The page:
SEC Proposes Consolidated Audit Trail System to Better Track Market Trades
FOR IMMEDIATE RELEASE
Washington, D.C., May 26, 2010 — The Securities and Exchange Commission today proposed a new rule that would require the self-regulatory organizations (SROs) to establish a consolidated audit trail system that would enable regulators to track information related to trading orders received and executed across the securities markets.
A consolidated audit trail system would help regulators keep pace with new technology and trading patterns in the markets. Currently, there is no single database of comprehensive and readily accessible data regarding orders and executions. Stock market regulators tracking suspicious market activity or reconstructing an unusual event must obtain and merge an immense volume of disparate data from a number of different markets and market participants. Regulators are seeking more efficient access to data through a far more robust and effective cross-market order and execution tracking system.
"If adopted, this consolidated audit trail would, for the first time ever, allow the SEC and other market regulators to track trade data across multiple markets, products and participants in real time," said SEC Chairman Mary L. Schapiro. "It would allow us to rapidly reconstruct trading activity and quickly analyze both suspicious trading behavior and unusual market events."
Last year, the SEC set up an agency-wide task force to carry out the audit trail initiative and begin the process of developing the rulemaking proposal recommended to the Commission today.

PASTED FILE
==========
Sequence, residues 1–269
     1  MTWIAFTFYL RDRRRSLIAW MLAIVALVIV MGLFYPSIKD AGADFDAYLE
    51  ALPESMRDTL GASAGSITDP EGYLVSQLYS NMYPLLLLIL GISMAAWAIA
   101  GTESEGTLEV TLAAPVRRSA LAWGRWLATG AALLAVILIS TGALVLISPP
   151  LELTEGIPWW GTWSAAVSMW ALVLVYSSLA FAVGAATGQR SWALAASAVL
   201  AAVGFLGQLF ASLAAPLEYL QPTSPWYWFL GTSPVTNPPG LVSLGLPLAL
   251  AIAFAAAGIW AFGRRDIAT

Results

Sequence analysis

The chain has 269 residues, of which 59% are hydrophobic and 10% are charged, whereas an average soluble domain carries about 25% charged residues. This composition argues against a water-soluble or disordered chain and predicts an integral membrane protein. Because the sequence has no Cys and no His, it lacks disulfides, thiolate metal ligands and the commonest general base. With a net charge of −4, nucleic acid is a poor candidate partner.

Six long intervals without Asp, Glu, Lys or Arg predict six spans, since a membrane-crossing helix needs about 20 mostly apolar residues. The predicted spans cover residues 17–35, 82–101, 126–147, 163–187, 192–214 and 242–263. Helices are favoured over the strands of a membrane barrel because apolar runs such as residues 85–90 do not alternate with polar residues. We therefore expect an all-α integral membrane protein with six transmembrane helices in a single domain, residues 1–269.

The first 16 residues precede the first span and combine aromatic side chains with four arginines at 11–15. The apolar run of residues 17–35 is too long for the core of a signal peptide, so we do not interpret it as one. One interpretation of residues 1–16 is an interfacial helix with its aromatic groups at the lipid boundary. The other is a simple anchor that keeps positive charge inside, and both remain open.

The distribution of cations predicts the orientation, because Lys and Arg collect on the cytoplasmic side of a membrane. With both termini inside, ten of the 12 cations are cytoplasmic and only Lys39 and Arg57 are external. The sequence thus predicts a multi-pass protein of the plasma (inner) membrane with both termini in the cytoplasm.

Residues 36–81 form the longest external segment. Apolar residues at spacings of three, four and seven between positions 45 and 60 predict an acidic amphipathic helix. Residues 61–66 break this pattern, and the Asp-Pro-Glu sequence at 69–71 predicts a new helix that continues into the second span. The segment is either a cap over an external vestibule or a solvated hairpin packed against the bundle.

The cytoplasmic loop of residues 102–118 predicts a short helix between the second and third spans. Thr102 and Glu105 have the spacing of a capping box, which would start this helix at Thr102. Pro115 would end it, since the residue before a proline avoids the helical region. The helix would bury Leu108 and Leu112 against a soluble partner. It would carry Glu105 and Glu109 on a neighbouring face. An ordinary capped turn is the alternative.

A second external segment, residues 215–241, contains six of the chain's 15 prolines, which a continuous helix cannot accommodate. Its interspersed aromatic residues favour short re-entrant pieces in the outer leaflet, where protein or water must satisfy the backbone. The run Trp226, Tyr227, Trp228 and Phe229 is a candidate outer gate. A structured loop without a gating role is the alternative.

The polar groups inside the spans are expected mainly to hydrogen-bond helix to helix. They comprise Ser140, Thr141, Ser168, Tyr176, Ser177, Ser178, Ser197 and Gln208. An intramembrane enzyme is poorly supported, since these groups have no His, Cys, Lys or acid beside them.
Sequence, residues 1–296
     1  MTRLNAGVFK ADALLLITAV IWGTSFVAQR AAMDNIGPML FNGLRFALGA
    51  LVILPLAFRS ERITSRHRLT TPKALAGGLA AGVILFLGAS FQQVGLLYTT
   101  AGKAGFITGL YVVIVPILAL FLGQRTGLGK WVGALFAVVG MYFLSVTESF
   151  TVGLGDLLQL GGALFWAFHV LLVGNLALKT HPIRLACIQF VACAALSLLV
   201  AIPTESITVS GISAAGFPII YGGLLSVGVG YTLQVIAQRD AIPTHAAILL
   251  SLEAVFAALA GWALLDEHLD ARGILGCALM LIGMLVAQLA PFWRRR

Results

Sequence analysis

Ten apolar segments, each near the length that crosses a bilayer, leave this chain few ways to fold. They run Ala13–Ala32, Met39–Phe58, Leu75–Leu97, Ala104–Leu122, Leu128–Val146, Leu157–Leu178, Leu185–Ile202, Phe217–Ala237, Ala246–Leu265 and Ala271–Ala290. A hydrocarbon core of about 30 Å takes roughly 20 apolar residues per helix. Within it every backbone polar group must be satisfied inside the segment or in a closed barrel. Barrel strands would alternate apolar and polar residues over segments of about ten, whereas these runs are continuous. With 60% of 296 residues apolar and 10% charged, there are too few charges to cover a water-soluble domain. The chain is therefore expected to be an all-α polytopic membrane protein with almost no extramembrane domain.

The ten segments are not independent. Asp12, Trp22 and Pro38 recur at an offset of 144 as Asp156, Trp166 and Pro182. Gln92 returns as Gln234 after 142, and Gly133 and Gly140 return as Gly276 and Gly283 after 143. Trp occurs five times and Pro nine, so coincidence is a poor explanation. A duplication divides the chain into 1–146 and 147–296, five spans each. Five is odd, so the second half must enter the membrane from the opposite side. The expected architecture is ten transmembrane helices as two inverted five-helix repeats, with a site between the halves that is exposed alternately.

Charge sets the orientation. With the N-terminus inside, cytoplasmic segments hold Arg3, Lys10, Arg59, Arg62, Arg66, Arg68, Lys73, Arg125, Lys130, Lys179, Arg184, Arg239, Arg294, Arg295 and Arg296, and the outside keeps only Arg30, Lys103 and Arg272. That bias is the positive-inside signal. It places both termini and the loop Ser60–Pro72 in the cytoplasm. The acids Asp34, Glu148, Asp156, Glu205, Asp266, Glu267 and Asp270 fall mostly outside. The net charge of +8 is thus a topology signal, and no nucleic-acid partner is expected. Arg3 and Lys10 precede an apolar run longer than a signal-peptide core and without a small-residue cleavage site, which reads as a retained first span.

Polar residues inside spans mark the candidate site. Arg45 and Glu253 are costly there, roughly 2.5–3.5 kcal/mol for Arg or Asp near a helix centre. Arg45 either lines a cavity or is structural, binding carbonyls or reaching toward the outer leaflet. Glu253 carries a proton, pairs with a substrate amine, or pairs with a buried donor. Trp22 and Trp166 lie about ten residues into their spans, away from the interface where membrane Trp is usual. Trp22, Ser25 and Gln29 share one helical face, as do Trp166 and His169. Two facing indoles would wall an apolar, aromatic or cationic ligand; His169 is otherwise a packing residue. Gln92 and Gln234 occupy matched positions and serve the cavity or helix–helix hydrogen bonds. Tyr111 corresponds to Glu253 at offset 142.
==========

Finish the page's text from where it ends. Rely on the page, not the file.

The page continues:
The SEC's proposal seeks public comment and data on a broad range of issues relating to a consolidated audit trail. Public comments on the proposal should be received by the Commission within 60 days of its publication in the Federal Register.
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As the events of May 6 made clear, today's securities markets are highly automated, and trading activity is widely dispersed across many trading centers. Due to rapid technological advances, trades are now transacted in a matter of milliseconds.
Such dispersed, automated trading activity makes it more challenging for SROs and the SEC to conduct cross-market supervision of trading activities and oversight of the securities markets and market participants.
Currently, there is no single database of comprehensive and readily accessible data regarding orders and executions. Instead, each SRO uses its own separate audit trail systems to track information relating to orders in its respective markets. And, the existing audit trail requirements vary significantly among markets. That means that regulators, when conducting a cross-market analysis, must obtain and merge together a large volume of disparate data from different entities.
As SEC Chairman Mary Schapiro said when first announcing the audit trail initiative earlier this year: "It is like trying to put together a jigsaw puzzle, but only being able to see a small part of the final picture. To see the complete picture, regulators must have access to a robust and effective consolidated order and transaction tracking system."
As such, there is a heightened need for a uniform, consolidated cross-market order and execution tracking system.
Goals of the Proposal
The proposed consolidated audit trail is intended to:
Provide regulators direct and timely access to uniform consolidated order and execution information for all orders in National Market System (NMS) securities from all market participants across all markets.
Enable SROs to better fulfill their regulatory responsibilities to oversee their markets and their members.